Many pension plans issue yearly individual benefit statements to each participant, although it is not required by law to do so. While it is possible to obtain a monthly figure, as if the employee will retire at a given date, this is not the marital present value of the employee’s pension.
Depending on the occurrence of retirements, the employee’s age and years of service, there are different types of possible benefits. The primary benefit is the pension paid when the employee retires at the plan’s normal retirement age. This is known as the Projected Benefit. During active employment, the employee is earning vesting credit per the plan’s vesting schedule. This is the employee’s Vested Benefit.
A pension becomes due and payable at normal retirement age. When employment ends before normal retirement age, the vested benefit may be paid out as an early retirement pension with various formulas operating, according to the provisions of the plan.
At any point in time, unaffected by the form of payout or the timing of the payout, the Actuarial Value of an employee’s accrued benefit may be computed using actuarial science. The Actuarial Present Value of the Marital Portion is the value of your pension plan as a marital asset. This value is used in your distribution determination of how to apportion equitable division between the parties. But no plan is required to inform a participant of this marital present value, and in the majority of plans that information is simply not available.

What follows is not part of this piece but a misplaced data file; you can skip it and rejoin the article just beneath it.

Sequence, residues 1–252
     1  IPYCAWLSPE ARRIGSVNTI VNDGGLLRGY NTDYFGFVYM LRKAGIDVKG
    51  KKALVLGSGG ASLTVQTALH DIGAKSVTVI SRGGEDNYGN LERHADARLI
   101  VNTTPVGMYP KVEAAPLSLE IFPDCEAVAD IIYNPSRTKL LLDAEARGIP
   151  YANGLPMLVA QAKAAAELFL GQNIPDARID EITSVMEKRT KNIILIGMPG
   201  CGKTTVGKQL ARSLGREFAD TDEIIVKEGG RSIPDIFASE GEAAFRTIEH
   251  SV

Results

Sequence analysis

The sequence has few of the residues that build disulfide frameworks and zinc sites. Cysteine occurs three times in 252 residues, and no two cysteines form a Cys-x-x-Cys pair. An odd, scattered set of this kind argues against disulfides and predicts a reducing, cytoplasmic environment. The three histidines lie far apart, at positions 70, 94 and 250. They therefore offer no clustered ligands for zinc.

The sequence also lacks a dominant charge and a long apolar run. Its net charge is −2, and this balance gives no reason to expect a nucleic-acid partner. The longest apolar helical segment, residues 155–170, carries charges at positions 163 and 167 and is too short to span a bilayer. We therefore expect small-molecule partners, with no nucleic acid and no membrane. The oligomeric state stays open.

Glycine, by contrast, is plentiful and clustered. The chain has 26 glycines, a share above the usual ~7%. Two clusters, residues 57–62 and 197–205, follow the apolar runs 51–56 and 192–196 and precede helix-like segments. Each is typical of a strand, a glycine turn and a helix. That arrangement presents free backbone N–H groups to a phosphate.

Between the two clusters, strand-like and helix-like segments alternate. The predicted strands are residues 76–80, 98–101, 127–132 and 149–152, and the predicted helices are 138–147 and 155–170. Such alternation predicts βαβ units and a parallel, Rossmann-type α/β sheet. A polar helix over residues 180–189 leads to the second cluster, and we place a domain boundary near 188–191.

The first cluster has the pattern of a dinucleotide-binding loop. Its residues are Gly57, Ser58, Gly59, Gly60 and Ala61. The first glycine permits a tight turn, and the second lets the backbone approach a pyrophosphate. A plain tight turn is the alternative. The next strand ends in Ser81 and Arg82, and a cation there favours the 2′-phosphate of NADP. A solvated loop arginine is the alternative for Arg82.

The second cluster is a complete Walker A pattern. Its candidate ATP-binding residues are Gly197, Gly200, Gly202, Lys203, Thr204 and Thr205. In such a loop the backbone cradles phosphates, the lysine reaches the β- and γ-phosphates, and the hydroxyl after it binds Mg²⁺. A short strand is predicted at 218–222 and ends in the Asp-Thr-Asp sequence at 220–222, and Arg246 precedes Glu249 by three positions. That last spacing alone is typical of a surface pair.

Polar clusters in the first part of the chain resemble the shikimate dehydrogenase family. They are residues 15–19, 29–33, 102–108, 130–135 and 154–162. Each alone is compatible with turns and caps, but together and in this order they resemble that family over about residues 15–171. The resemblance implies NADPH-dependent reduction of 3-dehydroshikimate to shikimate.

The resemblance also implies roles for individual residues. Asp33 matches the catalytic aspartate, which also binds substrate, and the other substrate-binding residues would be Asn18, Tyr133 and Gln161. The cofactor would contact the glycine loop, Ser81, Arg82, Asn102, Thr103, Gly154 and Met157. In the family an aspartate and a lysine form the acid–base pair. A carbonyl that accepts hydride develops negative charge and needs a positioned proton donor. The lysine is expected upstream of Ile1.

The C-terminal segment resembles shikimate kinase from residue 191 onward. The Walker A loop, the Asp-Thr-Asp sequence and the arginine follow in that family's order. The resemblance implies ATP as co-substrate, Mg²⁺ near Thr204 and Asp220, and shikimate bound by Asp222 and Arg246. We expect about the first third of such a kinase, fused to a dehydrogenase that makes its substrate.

To value your pension for divorce purposes, you may request a benefit statement from your plan showing your normal retirement age benefit, accrued as of the agreed upon date of marriage dissolution for your state’s jurisdiction or the benefit accrued as of current date, in states that use the coverture method. You can then retain an actuary who specializes in pensions in divorce to determine the marital asset worth of your pension benefit.
Mark K. Altschuler, M.S., Actuary, is President of Pension Analysis Consultants Inc., of Elkins Park, PA. and has prepared over twelve thousand marital pension valuations and draft QDRO’s for counsel. He is well-versed in the complex arena of equitable distribution in marital dissolution matters. Mr. Altschuler, has over fifteen years experience as an actuary in the pension and property/casualty areas, and is an affiliated member of the American Society of Pension Professionals and Actuaries (ASPPA).